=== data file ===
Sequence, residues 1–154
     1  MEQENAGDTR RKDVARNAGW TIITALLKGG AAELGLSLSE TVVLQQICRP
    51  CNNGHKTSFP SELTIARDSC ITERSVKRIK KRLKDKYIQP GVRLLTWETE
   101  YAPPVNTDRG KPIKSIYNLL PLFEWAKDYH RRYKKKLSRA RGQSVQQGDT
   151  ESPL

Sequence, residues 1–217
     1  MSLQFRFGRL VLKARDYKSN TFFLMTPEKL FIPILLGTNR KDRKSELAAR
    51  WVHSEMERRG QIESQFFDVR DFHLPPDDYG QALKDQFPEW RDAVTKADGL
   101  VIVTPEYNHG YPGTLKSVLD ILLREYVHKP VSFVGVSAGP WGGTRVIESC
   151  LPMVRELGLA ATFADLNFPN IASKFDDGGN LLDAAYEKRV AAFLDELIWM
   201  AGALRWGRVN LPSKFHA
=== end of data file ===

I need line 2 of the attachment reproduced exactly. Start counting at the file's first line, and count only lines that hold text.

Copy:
     1  MEQENAGDTR RKDVARNAGW TIITALLKGG AAELGLSLSE TVVLQQICRP